2011 NFL Draft and Lockout: Could Tradition Be the Formula for Success?

Jonathan Cyprowski@@JCyprowskiCorrespondent IApril 11, 2011

NEW YORK - APRIL 22:  Quarterback Sam Bradford of the Oklahoma Soomers holds up a St. Louis Rams jersey after he was picked numer 1 overall by the Rams during the 2010 NFL Draft at Radio City Music Hall on April 25, 2009 in New York City.  (Photo by Jeff Zelevansky/Getty Images)
Jeff Zelevansky/Getty Images

Some say what doesn’t kill you will only make you stronger. Maybe, but then again being beaten to within an inch of your life doesn’t come without certain side effects. You may come away mentally tougher, maybe even know more about what it takes to avoid it happening again, but the scars have a lasting impact. A lasting impact on your personal reality, and the way others see you as well.

The NFL Lockout will definitely yield a stronger professional football league in America. One that’s run tighter than ever before from a business standpoint, and as an on the field product as well, but at what cost do these improvements come?   

Ask Major League Baseball how long it takes to come back from labor wars when your sport is at a pinnacle in terms of popularity. History shows that road is not as easily navigated as one might think.

The player’s strike of 1994 crushed the popularity of professional baseball in the US, and ushered in one of the darkest eras in professional sports history as steroids became the means by which players grew both physically and in terms of popularity.

Sure, both sides will eventually get part of what they want. The owners will still be billionaires, the players will still be millionaires, and fall will bring Sunday football once again. But where baseball failed and where the NFL must now choose to do better is in respecting the game and its fans.

1994 was a magical season in a lot of ways. The Montreal Expos were for one season the best team in baseball. No player in baseball had come close to hitting .400 since Ted Williams, but Tony Gwynn’s .394 average showed he had other ideas. No one had come close to being on pace to touch Roger Maris’ vaunted single season homerun mark of 62, and the games biggest stars were starring down the barrel with the mark in their sites. Stars like Ken Griffey Jr., who never used a steroid—and judging by his physical frame never even thought about them—were on a torrid homerun pace.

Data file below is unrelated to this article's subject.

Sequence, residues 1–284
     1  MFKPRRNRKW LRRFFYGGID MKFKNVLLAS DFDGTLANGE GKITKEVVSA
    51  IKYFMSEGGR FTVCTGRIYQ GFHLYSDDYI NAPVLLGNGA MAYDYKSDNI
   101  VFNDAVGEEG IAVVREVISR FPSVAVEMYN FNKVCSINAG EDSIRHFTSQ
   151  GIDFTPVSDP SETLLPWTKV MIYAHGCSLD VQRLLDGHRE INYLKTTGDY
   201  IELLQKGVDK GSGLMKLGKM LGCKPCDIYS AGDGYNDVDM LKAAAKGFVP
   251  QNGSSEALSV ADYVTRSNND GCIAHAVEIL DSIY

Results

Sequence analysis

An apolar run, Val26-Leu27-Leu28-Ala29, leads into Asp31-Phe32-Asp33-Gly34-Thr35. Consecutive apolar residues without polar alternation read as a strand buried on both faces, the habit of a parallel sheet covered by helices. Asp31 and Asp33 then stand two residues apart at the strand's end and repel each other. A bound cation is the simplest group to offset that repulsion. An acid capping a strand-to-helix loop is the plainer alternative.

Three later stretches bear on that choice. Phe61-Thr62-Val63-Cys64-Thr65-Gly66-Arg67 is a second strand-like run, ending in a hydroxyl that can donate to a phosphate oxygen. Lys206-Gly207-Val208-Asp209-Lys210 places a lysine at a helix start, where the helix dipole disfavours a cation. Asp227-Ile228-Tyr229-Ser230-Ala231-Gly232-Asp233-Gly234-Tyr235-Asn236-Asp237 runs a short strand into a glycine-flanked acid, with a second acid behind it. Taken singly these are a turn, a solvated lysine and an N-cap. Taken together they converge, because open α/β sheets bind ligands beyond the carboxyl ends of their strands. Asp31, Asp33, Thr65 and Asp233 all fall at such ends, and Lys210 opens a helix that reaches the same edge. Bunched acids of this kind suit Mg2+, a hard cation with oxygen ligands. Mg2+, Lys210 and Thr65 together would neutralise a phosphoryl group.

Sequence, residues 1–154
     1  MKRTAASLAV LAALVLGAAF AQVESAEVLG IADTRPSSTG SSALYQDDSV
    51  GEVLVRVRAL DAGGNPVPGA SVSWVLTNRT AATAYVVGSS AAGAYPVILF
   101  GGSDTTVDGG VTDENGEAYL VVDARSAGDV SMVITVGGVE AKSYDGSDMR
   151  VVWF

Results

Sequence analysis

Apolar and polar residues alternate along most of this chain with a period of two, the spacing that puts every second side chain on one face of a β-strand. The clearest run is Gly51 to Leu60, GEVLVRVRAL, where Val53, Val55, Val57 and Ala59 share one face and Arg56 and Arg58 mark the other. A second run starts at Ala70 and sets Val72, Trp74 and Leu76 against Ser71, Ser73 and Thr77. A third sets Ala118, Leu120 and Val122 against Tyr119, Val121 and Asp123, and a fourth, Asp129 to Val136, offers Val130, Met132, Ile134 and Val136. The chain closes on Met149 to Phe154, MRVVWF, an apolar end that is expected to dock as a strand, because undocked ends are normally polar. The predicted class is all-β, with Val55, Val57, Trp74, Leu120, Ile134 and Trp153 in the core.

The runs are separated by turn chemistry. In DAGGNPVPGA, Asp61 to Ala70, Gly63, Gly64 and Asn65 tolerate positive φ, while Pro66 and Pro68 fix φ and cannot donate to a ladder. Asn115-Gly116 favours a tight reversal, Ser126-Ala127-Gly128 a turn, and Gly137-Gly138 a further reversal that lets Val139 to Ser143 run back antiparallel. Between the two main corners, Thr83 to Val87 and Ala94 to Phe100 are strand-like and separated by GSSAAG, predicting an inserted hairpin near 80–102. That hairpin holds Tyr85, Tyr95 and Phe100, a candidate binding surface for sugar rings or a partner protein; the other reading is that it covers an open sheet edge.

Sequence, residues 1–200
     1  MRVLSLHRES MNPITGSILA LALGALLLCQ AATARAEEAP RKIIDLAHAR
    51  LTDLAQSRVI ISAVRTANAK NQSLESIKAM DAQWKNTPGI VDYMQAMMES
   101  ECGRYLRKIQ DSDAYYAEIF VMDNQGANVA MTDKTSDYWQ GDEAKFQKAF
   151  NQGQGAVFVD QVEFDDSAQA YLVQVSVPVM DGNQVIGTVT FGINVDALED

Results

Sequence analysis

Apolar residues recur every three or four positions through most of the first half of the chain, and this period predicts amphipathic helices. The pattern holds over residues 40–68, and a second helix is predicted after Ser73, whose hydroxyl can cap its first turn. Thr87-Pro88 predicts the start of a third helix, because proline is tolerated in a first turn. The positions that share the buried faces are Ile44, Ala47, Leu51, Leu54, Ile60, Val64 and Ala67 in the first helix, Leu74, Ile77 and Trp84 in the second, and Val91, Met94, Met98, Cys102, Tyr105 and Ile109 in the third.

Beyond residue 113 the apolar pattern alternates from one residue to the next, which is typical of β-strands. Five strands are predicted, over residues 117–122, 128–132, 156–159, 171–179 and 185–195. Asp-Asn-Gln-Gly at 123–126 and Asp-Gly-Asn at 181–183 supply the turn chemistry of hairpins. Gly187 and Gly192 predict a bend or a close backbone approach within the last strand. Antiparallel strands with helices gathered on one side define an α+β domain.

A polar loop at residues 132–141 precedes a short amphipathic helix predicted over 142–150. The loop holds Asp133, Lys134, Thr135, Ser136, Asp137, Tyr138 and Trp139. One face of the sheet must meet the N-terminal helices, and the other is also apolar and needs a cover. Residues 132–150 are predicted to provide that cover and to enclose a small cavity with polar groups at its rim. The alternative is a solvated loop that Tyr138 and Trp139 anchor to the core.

How could a game with so much young talent, so many Hall of Fame caliber players, and so much popularity fall so hard?

They let go of the tradition that made baseball special.

Baseball loved its fans and honored its history, and both the fans and history revered what they saw. When you lose sight of that, you lose sight of what the game was and should always be. Baseball walked out on history in the making, and the fans that were on the edge of their seats anticipating every crack of the bat as it happened.

The NFL has to have a new CBA, but how the two sides hash it out will determine a lot about whether or not they will come back to the same three billion dollar a year profit generating machine or not.

How can they achieve both the bottom line and the fan’s respect?

Quite simply, both the players and the NFL cannot lose sight of the game and it’s traditions in times when it has to matter the most.

The draft has become a tradition that feels like a holiday for the diehard fan. The sights and sounds of Mel Kiper and Chris Berman at Radio City Music Hall, as draftees don the cap and hold up the jersey of their new teams, has become a tradition for fans that spend the weekend going through the utter agony or elation of their team’s choices.

While the two sides fight over dollars, contracts and rules it is important to keep in mind how easily the grandeur of traditions can crumble if not protected. Isn’t it funny how little traditions matter when you realize the people that make them important don’t really care about them at all?

The NFLPA cannot afford to pull players away from the draft and its festivities. If they are smart, they will not begin to breakdown the small things that matter so much to most fans who love the game for what it was and should always be.

There aren’t two parties involved in labor negotiations—there are three. The fans, the not so silent third party, are the consumers. Like any other business, if you cater to the customer, even in the midst of the toughest times, they will stick with you. 

Fight fair, honor tradition and stick with your fans: The formula that might just save the NFL and its players from repeating the history we have seen on the baseball diamond.